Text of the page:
Regulation and Service Provision in Dynamic Oligopoly: Evidence from Mobile Telecommunications.
I study coverage requirements, a common regulation in the mobile telecommunications industry that intends to accelerate the roll-out of new mobile telecommunications technologies to disadvantaged areas. I argue that the regulation may engender entry deterrence effects that limit its efficacy and lead to technology introduction patterns that are not cost-efficient. To quantify the impact of coverage requirements on market structure and the speed and cost of technology roll-out, I develop and estimate a dynamic game of entry and technology upgrade under regulation. I estimate the model using panel data on mobile technology availability at the municipality level in Brazil. In counterfactual simulations, I find that coverage requirements accelerate the introduction of 3G technology by 1 year, on average, and reduce firms’ profits by 22% relative to a scenario with no regulation. I find the entry deterrence effects to be small. Moreover, an alternative subsidization policy leads to a similar acceleration in the roll-out of 3G and substantially higher aggregate profits, likely increasing aggregate welfare relative to coverage requirements.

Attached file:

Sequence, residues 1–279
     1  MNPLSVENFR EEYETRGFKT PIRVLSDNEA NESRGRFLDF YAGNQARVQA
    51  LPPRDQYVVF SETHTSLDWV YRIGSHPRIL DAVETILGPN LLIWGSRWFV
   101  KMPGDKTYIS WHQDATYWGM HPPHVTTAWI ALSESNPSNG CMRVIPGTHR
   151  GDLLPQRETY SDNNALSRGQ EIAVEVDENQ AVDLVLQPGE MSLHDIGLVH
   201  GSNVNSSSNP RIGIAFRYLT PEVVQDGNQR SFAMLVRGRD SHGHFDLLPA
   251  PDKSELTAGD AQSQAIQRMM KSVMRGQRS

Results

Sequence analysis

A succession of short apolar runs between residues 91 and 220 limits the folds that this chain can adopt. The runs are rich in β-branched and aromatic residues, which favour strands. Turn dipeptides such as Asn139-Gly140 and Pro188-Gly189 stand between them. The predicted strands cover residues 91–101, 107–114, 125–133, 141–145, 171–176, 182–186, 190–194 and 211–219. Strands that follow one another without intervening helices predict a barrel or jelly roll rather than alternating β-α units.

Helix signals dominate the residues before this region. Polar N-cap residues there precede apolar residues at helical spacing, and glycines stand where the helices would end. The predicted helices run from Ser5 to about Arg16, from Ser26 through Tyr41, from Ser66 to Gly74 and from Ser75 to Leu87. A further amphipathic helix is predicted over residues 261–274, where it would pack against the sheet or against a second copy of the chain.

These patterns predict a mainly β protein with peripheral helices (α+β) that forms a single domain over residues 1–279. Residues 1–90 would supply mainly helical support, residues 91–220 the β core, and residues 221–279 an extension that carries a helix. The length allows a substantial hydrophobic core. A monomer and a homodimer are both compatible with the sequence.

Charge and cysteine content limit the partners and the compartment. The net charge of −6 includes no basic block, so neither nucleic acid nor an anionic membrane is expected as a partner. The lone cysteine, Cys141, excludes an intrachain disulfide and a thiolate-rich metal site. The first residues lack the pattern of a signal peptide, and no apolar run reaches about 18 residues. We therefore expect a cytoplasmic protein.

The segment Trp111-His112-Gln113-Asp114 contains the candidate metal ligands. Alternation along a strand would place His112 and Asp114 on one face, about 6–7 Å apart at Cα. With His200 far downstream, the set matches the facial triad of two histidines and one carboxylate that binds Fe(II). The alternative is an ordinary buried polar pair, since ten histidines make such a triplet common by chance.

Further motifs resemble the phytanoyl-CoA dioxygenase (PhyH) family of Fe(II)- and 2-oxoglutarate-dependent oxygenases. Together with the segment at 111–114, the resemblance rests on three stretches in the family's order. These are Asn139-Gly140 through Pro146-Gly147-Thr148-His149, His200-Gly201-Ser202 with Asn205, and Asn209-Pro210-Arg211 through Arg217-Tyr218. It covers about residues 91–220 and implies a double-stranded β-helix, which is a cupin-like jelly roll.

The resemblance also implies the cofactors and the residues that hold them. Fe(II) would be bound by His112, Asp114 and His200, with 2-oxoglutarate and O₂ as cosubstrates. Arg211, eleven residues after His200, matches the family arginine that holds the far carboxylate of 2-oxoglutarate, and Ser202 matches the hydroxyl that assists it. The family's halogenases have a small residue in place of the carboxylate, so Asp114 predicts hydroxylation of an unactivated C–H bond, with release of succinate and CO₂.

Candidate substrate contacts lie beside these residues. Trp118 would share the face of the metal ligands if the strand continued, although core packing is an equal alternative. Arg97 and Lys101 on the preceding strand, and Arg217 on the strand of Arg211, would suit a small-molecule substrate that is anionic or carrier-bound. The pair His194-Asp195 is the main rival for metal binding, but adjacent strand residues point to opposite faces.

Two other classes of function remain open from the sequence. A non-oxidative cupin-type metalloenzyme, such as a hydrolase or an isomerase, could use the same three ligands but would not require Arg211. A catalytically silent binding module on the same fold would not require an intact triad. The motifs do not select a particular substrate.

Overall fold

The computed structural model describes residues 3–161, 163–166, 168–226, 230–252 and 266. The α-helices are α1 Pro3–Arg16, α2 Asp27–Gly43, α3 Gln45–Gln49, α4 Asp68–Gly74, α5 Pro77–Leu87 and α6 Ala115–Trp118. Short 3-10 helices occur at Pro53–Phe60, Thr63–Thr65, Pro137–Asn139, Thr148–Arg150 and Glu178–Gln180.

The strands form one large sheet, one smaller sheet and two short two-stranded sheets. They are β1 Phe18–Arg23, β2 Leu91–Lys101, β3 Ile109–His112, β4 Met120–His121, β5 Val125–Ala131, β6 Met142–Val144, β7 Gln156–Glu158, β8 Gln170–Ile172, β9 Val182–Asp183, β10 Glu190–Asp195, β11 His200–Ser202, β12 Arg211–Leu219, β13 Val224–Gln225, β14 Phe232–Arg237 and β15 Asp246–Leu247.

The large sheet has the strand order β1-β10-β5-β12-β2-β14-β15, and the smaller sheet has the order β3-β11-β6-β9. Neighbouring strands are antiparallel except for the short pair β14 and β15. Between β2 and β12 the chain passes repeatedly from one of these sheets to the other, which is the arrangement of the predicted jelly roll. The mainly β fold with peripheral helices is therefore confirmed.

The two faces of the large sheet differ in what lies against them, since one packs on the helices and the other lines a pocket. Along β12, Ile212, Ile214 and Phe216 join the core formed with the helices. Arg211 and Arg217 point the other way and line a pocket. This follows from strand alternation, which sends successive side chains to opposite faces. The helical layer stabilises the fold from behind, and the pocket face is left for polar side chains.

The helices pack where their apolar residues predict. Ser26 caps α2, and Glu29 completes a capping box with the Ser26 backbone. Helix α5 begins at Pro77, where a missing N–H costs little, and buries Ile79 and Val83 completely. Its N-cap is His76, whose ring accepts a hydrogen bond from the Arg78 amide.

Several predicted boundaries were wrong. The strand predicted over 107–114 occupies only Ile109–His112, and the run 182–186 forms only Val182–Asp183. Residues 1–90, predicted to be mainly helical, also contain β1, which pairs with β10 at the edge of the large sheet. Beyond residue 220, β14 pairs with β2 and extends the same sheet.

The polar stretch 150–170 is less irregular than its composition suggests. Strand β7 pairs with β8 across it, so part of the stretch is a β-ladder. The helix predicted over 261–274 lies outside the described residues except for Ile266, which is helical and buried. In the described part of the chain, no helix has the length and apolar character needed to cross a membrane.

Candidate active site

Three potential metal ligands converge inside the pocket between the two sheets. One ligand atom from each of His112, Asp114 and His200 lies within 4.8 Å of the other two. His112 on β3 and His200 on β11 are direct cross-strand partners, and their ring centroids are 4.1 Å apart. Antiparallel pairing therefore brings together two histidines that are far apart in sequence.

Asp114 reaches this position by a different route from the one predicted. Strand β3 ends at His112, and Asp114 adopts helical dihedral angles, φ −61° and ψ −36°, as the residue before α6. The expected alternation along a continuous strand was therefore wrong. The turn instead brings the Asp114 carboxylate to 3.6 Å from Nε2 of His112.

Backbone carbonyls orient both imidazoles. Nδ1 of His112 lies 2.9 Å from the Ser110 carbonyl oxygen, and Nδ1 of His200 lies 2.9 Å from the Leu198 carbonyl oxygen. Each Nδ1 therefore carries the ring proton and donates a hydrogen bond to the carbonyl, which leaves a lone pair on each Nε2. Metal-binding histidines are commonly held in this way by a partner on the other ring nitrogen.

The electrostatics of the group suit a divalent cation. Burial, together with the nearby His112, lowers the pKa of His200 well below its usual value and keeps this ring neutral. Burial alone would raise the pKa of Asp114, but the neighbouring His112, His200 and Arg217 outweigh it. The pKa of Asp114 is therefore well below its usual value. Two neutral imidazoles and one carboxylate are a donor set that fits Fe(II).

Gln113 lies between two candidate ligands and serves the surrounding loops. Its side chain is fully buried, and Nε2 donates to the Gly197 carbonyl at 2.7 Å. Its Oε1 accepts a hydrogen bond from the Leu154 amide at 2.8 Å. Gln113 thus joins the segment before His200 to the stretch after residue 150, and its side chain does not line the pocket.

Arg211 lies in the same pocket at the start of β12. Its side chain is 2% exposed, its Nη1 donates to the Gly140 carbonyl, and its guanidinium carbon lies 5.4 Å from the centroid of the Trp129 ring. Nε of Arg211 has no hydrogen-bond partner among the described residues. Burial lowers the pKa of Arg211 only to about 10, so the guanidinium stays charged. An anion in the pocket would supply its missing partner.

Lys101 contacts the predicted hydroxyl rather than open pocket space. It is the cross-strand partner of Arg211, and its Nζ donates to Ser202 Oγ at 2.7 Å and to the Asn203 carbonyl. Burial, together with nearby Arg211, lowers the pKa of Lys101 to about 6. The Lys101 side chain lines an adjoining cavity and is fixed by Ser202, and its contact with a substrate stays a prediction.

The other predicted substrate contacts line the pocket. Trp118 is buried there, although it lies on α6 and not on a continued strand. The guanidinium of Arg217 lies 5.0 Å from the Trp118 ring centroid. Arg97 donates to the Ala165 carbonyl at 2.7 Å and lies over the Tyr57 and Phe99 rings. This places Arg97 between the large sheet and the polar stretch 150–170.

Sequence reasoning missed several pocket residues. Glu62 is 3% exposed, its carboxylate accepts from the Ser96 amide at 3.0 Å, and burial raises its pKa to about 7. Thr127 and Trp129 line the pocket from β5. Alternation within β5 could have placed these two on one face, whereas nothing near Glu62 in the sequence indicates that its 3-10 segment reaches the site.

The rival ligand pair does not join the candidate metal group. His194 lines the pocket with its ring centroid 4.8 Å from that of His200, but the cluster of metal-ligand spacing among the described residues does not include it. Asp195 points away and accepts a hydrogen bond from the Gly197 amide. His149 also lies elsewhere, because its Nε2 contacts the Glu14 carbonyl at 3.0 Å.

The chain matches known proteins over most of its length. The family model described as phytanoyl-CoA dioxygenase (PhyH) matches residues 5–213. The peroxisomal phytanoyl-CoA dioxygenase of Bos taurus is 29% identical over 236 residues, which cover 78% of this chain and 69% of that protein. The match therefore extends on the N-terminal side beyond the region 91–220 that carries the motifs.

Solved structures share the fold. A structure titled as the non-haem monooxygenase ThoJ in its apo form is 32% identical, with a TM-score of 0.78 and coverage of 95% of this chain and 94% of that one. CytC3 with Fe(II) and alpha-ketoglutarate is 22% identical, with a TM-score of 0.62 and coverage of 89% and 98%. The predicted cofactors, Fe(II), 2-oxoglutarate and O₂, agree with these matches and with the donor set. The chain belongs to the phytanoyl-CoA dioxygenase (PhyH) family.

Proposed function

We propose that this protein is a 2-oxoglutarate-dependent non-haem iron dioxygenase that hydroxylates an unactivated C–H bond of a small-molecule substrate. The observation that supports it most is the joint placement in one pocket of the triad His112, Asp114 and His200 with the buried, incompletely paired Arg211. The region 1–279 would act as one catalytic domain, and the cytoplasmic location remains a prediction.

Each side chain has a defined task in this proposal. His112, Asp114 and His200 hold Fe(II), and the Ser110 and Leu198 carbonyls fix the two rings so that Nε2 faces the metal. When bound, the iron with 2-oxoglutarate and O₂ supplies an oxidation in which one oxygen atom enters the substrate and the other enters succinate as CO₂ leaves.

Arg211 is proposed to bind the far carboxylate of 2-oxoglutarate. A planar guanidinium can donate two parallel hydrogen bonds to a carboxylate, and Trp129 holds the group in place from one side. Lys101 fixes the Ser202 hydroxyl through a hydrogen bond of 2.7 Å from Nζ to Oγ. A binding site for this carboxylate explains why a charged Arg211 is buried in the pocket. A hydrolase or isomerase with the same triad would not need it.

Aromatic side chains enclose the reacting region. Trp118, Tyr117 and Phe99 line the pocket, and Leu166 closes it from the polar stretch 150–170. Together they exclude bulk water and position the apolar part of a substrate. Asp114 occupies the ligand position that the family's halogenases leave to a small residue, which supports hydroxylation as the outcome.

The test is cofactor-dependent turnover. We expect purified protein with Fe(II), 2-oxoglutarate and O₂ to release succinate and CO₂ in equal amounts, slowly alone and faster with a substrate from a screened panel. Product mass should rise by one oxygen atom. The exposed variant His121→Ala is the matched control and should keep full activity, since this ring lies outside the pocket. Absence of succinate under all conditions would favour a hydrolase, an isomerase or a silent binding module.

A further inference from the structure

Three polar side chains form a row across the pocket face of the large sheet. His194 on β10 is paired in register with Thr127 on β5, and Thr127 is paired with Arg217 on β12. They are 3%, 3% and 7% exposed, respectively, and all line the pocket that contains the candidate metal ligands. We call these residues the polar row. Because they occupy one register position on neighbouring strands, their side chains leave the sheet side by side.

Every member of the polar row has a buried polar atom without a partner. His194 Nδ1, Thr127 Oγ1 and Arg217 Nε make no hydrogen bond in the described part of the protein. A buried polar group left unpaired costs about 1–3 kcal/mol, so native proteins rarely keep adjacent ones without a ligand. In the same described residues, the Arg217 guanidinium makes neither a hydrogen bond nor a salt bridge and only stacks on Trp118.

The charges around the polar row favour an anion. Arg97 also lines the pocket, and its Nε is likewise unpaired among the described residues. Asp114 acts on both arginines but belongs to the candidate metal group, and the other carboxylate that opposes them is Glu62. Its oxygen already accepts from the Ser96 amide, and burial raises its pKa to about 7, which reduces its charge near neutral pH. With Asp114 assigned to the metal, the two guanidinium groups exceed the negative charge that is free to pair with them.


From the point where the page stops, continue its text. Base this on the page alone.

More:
Empirical Industrial Organization, Applied Microeconomics
- Aviv Nevo, George A. Weiss and Lydia Bravo Weiss University Professor, University of Pennsylvania
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- Katja Seim, Professor of Economics, Yale University.
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- Jose Miguel Abito, Assistant Professor of Business Economics & Public Policy, University of Pennsylvania
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